Sunday, September 22, 2013

Climbing in France

New country, old sport.  Or maybe not so new country either. Back into the future, back to France, square "0", where I started almost fifteen years ago, where I attempt to continue the journey. Fortunately, rock is abundant in the vicinity to keep me company.

 Beautiful landscape in Gorges de la Cesse

One of my first visits in my new homeland was to the incredibly beautiful Gorges de la Cesse.  Little known outside the local enthusiast circle, the place has an old topo, and kilometers of high-quality routes, to climb and discover.

 Laurent up a 7b in Gorges de la Cesse

Next stop - another Gorges, de l'Aveyron this time. Another huge climbing area I've never heard of before, with at least 300-400 routes, from vertical slabs where feet are hard to trust or find, to unending tufas and bouldery overhangs. More routes to try out and enjoy, more friends to climb with.

Mathieu on a 7c in Couyrac, Gorges de l'Aveyron

Boudjemaa on a 7b+ in Couyrac, Gorges de l'Aveyron

St. Antonin village in the evening sun

Friday, September 20, 2013

Fred Beckey in the Dolomites

I almost met Beckey in 2005, when road-tripping in Red Rocks. He never showed up for that week-end, and instead I listened to some more stories about him during our long nights in the desert, eyeing the lights of Las Vegas somewhere far away out there. He was already old then.  He is older today.

I wonder how many years he has been climbing and how many partners/generations he has seen go by? With my 10 years of climbing anniversary this year, I start noticing all these youngsters, wide-eyed, impressed, and impressive, discovering the beauty of the sport. Time flies, passions remain. To you, Beckey!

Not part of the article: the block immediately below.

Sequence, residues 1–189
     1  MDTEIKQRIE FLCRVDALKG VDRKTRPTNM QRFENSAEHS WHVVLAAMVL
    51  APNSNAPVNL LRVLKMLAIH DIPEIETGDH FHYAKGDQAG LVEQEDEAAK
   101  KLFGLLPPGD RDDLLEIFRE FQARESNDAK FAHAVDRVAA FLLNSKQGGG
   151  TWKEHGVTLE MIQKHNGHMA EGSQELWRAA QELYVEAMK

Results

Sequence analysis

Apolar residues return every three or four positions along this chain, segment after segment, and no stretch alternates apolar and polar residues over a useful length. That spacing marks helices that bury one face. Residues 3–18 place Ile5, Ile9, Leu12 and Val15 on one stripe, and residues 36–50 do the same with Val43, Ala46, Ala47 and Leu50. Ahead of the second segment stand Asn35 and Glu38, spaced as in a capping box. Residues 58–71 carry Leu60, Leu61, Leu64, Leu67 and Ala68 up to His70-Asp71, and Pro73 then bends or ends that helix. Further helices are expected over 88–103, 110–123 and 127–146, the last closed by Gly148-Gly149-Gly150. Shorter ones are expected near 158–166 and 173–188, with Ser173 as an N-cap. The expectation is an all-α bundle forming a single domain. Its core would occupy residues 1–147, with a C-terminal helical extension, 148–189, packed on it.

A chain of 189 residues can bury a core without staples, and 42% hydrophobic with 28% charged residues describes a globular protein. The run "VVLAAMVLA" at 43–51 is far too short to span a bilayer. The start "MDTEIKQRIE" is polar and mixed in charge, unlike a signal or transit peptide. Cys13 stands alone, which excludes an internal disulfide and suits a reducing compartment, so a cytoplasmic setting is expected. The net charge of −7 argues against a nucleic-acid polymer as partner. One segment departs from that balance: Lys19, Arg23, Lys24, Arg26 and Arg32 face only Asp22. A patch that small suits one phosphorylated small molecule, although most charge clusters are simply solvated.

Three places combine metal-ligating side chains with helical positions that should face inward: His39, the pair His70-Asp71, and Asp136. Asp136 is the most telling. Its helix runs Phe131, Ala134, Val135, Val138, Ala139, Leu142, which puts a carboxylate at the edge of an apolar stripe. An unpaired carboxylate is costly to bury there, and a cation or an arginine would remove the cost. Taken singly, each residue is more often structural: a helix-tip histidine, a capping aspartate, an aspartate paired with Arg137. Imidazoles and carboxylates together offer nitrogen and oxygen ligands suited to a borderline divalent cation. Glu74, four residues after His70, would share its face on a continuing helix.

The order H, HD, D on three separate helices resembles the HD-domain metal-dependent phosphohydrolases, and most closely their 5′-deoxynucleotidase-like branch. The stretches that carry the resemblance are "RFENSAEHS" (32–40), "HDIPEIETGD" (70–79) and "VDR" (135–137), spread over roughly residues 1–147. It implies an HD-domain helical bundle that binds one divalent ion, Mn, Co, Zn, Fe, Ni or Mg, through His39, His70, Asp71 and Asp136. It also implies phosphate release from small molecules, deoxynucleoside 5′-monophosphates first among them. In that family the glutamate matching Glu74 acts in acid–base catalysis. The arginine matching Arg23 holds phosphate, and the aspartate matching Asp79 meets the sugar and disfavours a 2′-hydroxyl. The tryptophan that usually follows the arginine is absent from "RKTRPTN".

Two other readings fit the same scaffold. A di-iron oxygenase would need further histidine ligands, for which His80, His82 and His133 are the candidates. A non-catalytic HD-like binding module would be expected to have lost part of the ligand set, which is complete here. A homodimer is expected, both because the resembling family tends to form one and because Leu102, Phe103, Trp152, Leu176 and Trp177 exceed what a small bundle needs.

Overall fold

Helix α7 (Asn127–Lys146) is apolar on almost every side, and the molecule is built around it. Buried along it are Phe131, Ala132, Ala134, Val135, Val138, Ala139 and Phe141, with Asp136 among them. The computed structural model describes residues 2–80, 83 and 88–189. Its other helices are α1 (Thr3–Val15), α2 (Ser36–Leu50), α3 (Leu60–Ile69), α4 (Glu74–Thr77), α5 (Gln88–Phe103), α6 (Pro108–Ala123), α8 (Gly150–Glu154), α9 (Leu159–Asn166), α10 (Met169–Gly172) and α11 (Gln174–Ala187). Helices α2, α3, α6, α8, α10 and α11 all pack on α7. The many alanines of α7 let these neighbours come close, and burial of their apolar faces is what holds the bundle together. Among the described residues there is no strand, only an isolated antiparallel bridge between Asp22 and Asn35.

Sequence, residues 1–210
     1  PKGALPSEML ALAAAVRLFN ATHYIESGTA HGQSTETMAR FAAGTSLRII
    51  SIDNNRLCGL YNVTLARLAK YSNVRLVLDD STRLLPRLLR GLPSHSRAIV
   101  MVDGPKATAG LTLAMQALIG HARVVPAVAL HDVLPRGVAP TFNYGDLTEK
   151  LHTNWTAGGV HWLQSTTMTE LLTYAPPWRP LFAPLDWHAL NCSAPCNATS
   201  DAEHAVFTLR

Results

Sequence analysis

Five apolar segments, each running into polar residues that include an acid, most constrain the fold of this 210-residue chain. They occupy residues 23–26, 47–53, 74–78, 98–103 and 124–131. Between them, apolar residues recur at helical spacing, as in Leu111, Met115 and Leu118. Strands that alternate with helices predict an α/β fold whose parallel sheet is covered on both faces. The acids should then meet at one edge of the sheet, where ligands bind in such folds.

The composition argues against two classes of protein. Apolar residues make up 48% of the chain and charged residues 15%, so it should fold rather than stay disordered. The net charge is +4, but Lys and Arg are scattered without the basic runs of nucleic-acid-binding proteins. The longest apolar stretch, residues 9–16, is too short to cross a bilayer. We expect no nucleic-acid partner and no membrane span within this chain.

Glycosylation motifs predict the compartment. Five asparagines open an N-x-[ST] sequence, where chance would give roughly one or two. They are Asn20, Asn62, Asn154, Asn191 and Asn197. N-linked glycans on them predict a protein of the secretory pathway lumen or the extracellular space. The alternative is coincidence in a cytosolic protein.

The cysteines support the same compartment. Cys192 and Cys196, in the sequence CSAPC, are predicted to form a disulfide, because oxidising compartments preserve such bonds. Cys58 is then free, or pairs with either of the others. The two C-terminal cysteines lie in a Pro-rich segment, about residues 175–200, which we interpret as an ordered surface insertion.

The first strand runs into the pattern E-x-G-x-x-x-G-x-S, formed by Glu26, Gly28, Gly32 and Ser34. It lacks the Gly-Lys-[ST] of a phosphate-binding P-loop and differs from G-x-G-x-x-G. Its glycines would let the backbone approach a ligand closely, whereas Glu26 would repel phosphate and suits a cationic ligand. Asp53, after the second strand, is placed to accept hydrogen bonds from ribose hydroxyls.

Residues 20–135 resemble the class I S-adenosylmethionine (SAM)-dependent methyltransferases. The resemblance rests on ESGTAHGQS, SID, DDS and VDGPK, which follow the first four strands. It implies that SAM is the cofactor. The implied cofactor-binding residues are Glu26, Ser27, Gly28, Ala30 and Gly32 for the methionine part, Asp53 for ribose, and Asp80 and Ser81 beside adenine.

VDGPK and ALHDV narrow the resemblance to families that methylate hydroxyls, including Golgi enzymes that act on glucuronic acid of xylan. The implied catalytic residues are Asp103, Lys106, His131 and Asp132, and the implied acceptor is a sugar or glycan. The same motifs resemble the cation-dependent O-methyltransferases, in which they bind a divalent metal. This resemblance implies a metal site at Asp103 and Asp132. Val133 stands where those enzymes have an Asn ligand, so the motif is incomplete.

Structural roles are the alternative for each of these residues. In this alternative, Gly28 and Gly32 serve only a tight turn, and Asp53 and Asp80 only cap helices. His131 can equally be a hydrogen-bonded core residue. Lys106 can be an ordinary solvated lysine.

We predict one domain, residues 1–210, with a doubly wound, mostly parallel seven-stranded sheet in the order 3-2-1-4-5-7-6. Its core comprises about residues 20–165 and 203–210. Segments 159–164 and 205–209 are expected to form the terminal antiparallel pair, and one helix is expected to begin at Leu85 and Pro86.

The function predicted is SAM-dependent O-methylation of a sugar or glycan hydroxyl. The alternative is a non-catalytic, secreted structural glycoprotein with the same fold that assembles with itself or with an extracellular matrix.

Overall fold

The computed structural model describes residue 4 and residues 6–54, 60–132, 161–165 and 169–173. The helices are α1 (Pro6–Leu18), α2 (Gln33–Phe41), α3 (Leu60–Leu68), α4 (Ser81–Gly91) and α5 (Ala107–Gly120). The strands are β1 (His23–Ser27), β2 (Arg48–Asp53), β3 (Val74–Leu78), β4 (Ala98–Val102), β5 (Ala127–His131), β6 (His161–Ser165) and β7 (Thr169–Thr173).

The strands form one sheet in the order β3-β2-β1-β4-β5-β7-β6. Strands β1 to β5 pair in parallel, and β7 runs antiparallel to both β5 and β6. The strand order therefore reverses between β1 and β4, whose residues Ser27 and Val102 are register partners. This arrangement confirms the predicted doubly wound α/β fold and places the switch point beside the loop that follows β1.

Monday, September 16, 2013

Fantastic flying books

Finishing projects and moving on

And it has come to pass: another project is sent, accomplished, finished: a dissertation has been defended, a school has been changed, a city and a country abandoned, exchanged, switched, and forgotten. Time to move on, time to change, time to go. I celebrated, together with Catalunya, my own accomplishments. With confidence and eagerness, I defended my dissertation, the culminating result of the past five years of hard work, perspiration, and learning. 

I dedicated my dissertation to my parents, who opened the doors to education and otherwise inspire me continuously by their courage and commitment to a better life. I hope I have made them proud, at least for a short moment, at least I have tried my best.

Defending my dissertation

 Receiving last comments from the thesis committee

Done: please, call me Doctor!

Running in parallel to my own life events, Catalunya has been voicing its discontent, defending its own statements and desires, louder again during this ironic and iconic day of September 11th, the holiday in the province, celebrating defeat in 1714 of the last Catalan troops by the Spaniards. 

 Human chain in Barcelona

Catalans celebrated by joining hands across the shores of their beautiful homeland, in a movement that reminded me of Ukraine and Baltic states that had their own moment of human chains in the beginning of the 1990s. During those times, people were also full of enthusiasm and optimism in those far-away lands. Some moved west-ward, some...stagnated and turned around in a different direction. Apparently, I was also dragged to the streets by my parents, although I barely remember anything. 

And the big-picture view....

Good? Bad? Flag-waving disturbs me more than anything else, although I do sympathize with this land that has opened its arms and soul to me for a fleeting moment. Thank you for your generosity, Catalunya, and farewell.

Pictures by my mother.